In summary, tests with airborne micro-organisms or airborne particles are not prescribed explicitly as mandatory in the International Standard ISO 11607-1:2019. In consequence of this, the following critical aspects when dealing with terminally sterilized devices are adversely affected:

• Comparison and choice of commercially available sterile barrier systems by hospitals and health care facilities in regards to their barrier capacity to maintain sterility,

• choice of high effective sterile barrier systems when high risk products are used in the daily routine of patient care, e.g. cardiovascular and orthopedic implants or sterile devices that are used for dispensing sterile products in sterile containers in order to made compounded sterile preparations that are stored for extended periods before use (Staes et al, 2013),

• calculation of maintenance of sterility at the sterility assurance level on a databased procedure where the highest level of safety is required.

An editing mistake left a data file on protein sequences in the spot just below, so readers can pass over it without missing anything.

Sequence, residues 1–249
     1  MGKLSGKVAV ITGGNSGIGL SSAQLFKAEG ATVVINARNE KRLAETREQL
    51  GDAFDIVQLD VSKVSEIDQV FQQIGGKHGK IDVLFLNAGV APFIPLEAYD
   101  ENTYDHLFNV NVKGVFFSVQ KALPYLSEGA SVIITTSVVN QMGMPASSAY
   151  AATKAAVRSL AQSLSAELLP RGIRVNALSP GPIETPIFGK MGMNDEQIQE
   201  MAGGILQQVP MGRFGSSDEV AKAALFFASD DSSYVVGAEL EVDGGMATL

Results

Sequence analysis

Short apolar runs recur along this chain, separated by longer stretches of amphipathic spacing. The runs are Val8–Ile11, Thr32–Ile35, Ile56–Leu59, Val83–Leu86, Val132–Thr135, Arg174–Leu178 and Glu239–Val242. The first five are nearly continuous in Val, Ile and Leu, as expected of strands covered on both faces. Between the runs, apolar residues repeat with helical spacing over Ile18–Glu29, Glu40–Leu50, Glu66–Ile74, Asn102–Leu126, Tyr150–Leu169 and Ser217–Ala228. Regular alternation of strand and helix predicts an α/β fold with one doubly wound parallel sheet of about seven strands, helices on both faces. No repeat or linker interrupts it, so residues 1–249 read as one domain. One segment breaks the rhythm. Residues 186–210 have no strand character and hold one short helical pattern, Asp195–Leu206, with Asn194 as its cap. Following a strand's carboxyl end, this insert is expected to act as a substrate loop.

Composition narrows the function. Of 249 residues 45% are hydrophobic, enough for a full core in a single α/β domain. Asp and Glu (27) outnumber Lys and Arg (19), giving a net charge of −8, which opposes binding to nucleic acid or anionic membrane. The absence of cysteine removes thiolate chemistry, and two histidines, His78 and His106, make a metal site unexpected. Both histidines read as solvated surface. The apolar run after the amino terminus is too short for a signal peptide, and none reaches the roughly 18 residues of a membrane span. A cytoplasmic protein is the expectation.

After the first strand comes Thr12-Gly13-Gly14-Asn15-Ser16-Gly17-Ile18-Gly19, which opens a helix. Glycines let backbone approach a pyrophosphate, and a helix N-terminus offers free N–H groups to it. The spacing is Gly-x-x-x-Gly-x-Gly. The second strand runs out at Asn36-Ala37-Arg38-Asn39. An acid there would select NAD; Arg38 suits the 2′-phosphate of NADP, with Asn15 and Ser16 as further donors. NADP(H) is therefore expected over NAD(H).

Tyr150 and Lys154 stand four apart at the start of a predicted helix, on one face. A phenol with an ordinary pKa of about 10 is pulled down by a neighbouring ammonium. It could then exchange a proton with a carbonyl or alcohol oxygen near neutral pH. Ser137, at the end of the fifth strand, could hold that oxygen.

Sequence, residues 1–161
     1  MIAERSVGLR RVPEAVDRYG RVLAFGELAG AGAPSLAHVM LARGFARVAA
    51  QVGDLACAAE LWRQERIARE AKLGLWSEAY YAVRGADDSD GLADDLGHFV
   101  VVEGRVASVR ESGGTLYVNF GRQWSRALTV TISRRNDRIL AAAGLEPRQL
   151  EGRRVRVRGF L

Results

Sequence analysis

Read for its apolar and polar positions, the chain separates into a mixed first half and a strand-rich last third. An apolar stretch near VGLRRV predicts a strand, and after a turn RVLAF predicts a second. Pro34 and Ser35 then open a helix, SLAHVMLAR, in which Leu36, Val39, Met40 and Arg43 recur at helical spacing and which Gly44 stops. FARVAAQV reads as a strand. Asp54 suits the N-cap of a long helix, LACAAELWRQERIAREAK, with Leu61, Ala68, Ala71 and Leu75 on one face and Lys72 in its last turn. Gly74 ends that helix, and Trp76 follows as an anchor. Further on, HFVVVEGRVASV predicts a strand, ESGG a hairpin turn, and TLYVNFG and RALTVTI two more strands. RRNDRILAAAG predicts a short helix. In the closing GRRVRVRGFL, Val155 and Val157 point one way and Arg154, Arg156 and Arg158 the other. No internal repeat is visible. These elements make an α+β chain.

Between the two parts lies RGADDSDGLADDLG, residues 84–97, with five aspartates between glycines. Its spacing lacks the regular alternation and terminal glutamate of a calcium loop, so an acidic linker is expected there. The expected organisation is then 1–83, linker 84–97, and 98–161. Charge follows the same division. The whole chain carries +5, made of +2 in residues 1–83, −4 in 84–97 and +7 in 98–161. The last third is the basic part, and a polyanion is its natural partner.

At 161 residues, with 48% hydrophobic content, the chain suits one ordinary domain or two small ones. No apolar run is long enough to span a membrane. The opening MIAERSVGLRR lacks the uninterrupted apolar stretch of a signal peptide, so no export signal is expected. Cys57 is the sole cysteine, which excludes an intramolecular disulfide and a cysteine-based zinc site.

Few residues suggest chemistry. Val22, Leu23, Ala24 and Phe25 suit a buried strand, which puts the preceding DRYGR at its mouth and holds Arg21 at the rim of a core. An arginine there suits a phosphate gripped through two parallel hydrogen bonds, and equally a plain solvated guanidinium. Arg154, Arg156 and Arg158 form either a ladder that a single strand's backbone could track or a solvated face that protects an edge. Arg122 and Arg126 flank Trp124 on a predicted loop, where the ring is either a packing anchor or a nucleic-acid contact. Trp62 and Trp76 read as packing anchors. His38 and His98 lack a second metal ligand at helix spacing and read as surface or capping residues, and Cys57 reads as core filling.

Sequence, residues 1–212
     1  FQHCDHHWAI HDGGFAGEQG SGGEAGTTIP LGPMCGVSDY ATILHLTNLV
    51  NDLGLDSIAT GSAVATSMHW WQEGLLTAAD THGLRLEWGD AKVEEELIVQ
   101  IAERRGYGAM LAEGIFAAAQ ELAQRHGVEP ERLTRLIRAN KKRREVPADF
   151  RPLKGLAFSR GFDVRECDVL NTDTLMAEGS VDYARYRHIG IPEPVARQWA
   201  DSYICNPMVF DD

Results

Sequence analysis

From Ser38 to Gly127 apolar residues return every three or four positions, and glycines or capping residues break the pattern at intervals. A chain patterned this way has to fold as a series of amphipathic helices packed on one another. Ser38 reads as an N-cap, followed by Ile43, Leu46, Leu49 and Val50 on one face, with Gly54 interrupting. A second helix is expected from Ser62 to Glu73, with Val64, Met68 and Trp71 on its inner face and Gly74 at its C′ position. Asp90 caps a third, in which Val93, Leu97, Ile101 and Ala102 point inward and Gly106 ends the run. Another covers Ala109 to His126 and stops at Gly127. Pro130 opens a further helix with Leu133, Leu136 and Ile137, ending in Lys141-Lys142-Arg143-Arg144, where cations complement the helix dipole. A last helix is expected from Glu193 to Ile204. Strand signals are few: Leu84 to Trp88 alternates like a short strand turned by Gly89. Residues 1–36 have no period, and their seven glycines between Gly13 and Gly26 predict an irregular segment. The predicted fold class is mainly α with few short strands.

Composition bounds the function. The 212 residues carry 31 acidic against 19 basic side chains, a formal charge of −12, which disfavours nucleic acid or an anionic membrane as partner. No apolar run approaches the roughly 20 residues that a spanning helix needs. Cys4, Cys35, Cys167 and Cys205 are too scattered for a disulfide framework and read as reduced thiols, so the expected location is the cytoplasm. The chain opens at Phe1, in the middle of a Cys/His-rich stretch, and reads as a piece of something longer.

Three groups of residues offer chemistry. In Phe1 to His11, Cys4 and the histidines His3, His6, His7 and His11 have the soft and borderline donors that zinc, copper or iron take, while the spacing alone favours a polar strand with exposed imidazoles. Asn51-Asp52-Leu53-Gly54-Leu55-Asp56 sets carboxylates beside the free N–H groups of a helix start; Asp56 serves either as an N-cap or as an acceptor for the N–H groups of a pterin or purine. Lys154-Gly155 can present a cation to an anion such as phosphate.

Various tests with different methodological procedures are listed in Annex B of the 2019 version of ISO 11607-1 under the headings of Microbial barrier and Microbial barrier surrogate. The reference methods are listed in this order (ISO 11607-1: 2019,Table B.1):

ASTM F 1608:       Standard test method for microbial ranking of porous packaging materials                                 (Exposure chamber method);

DIN 58953-6:      Sterilization – sterile supply – Part 6: Microbial barrier testing of packaging                                 materials for medical devices which are to be sterilized; subclause 3: Testing                                 for germ proofness in moisture and subclause 4: Testing for germ proofness                                 with passage of air;